The occupation lasted 75 days. In long weeks of occupation, there were many times when police force officials themselves could not answer the question, is the road public or private? Nobody managed to resolve the matter. Is a road that now only leads to the mining area still “public”? And if it is private, how legitimate is it for the police to be employed to protect private property? Isn’t the public force supposedly responsible for looking after the public good? In the eyes of the law, is an illegal occupation of a road a greater threat to the public good than a threat to the life and common good of a community?
At that time, despite the fact that the residents who blocked the road were calling for a Supreme Court ruling to be respected along with the public good of the country, the roadblock was evicted by order of the State and the right to the common good violated by the public police force.
On 25 May, 2020, the police again ordered the eviction of a peaceful roadblock – a roadblock that was organised to draw attention to an extremely serious threat to people’s health.
Dialogue as (im) possible answer?
In May 2020, a few days after the report of the presence of toxic dust flying over Caimanes, MLP proposed a dialogue with the community to solve the contamination problem. A dialogue? The Caimanes Defence Committee is sceptical. What “dialogue” can there be if what is needed is an actual solution to end toxic dust?
This is not the first time that MLP has offered “dialogue”. In 2015, after being sentenced to return the waters to the valley, the company also offered a dialogue. That “dialogue”, supervised by the Chile Transparente institution, aimed to define jointly between the mining company and the community, how to return water to the community as well as protect it from the danger of the dam. It was presented with a “democratic” face and was supposed to take all those affected into consideration and involve reciprocal listening to seek solutions acceptable to the community. This democratic effort also responded to the launch of new ways of resolving community conflicts proposed by the public-private institution “Valor Minero”, through the search for “a common interest.”
The discourse about “virtuous mining” and “inclusive mining” even suggested that the tailings dam was a “common good”, that is, something that could be good for everyone and in which everyone could somehow participate and also jointly assume the risks. In reality, the limits of inclusion and dialogue quickly became visible when it was realized that the only intentions of MLP were to continue its exponential extraction, expand its production and fill the toxic waste dam with even more toxic waste, despite all the destructive impacts that it would have on the community and the valley.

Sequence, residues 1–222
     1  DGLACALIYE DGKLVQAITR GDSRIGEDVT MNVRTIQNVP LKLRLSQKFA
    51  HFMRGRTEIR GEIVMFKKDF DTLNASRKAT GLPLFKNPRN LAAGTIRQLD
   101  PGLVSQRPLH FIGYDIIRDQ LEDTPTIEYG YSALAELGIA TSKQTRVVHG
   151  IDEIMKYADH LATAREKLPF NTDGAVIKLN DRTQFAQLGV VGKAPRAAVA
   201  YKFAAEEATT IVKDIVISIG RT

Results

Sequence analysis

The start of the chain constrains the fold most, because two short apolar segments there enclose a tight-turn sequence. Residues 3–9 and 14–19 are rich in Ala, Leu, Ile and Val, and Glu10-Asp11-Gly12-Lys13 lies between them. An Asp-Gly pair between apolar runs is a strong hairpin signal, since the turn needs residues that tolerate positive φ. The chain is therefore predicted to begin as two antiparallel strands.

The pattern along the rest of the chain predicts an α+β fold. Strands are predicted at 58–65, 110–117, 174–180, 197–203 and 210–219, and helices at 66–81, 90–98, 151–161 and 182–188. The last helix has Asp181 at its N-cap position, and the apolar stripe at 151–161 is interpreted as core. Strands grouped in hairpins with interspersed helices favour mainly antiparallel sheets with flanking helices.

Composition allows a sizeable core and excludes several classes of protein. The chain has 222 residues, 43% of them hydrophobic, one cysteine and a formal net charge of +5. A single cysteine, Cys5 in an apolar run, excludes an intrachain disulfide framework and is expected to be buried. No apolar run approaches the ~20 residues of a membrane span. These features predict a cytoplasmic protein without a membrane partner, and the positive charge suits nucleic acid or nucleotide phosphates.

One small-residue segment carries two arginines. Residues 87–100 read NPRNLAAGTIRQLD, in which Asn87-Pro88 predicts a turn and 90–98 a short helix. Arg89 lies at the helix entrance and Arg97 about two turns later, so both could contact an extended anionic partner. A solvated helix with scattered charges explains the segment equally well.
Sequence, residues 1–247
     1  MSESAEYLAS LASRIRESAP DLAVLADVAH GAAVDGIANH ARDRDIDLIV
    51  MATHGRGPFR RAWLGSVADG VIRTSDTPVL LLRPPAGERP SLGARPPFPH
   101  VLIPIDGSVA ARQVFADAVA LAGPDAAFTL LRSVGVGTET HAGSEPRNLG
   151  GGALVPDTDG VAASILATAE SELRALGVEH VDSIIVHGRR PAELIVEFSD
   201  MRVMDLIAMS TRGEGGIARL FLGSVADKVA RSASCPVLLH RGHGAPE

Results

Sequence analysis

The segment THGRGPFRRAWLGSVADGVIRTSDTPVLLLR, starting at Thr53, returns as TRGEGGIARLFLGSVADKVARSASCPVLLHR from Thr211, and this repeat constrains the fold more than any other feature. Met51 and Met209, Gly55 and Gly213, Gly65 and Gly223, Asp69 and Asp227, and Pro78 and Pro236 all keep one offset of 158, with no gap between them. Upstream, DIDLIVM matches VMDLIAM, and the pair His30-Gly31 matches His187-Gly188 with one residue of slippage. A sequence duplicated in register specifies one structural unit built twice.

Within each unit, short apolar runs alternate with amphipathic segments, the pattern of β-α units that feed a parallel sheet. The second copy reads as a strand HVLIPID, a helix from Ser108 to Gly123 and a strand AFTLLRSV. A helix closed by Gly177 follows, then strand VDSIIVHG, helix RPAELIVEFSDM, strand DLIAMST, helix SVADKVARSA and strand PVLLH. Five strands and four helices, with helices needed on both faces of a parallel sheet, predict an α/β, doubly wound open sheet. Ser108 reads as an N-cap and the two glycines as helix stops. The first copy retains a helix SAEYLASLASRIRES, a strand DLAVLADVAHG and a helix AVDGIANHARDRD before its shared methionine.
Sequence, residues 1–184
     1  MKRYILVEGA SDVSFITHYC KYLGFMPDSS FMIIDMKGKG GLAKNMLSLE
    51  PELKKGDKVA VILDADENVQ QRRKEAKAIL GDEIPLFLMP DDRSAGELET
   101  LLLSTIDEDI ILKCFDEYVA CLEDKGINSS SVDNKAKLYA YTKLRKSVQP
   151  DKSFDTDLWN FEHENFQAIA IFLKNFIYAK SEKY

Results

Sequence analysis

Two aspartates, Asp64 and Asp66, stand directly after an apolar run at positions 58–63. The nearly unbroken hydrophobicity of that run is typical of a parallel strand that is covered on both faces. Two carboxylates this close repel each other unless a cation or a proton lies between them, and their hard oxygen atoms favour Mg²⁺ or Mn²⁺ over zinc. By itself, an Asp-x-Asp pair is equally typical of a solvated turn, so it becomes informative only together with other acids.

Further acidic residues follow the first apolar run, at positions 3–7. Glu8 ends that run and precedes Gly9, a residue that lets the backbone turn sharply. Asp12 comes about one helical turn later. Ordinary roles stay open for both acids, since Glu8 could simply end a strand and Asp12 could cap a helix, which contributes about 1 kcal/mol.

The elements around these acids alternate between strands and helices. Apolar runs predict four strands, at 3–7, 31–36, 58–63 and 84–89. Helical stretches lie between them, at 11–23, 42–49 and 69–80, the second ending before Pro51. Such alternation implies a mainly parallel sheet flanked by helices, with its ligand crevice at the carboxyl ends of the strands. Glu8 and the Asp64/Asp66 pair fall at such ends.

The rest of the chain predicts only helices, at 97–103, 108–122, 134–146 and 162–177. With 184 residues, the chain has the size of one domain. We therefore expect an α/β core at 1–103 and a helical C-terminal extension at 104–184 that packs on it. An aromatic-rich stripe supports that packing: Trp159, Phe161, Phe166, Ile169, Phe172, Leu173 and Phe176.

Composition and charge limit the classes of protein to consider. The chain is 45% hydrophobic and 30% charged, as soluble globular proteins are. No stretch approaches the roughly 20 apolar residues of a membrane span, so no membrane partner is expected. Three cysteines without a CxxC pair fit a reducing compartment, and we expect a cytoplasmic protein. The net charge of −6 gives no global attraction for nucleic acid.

In 2015 and 2016, the “dialogue” strategy allowed the mining company to conclude a private agreement with some residents, ignoring its obligation to comply with the law and the judgements of the courts. It all ended with the delivery of 28 million pesos to families who agreed to sign an agreement proposed by the mining company and excluding its opponents, while the ex-lawyers of the Ossas y Cia company received an astronomical sum of money from the mining company and then disappeared. MLP had managed to force a conciliation through the delivery of money to some, using the prestigious supervision of the NGO Chile Transparente, which organized and watched over the good conduct of the meetings.
In my capacity as an international observer of the Danielle Mitterrand Foundation, I needed to participate in the round-tables in 2015 only as an observer, constantly reporting on the many irregularities in the “dialogue” process. The Danielle Mitterrand Foundation, from its role as watchdog of the human right to water, never endorsed the extrajudicial process that was carried out in 2016.
At that time, the Chilean law courts accepted an “agreement” between some in exchange for a large sum of money and the dialogue allowed this transaction to be given a legal character, though it cut off the judicial route without solving the underlying problems. Four years later, the solution to the problems that had caused the complaint was nowhere to be seen: there is no water or security in Caimanes.
Now, in May 2020, the word “dialogue” in the company’s mouth sounds bad to the ears of the Committee for the Defence of Caimanes. The Committee is asking MLP to assume its responsibilities and to provide real solutions to the pollution problem.
But up to this time, after 23 days of dust contamination, MLP still seems unwilling to accept the gravity of the problem:
- They have tried to moisten the tailings dam with water from a helicopter to prevent residue from flying. We can easily understand that this is just a temporary solution.
- They affirm that the dust is not toxic because, according to their own experts, the toxic content of the dust does not exceed Chilean standards; but as in the case of water quality, residents do not trust the MLP affirmation, and want independent expertise. The Committee for the Defence of Caimanes supported a meeting with the Superintendency of Environmental Stewardship and asked them to fulfil their responsibilities.
- MLP is always trying to be friendly and offer to finance projects for residents, but this policy of offering projects in the name of corporate social responsibility cannot be promoted as a process to silence claims. The Committee for the Defence of Caimanes does not agree to negotiate away their safety and health. In fact, until they have a guarantee that their lives are not in danger, they are asking for a halt to the operation of the tailings dam.
This is why, through their lawyer Esteban Vílchez, and jointly with local MP Daniel Núñez, they have filed a protection appeal before the Court of Santiago so that people are protected against the serious dust contamination from the Mauro tailings dam. The legal action requests “three independent technical reports that account for the origin of the phenomenon, the content of the dust, its degree of toxicity or danger to life, human health and the environment, and the measures that MLP should take to prevent repetition of the phenomenon”. The appeal asks that filling of the tailings dam be suspended until the reports are available and the security measures suggested by the experts in the independent reports are carried out.
It is hoped that human health, the natural environment and the common good will at last be respected.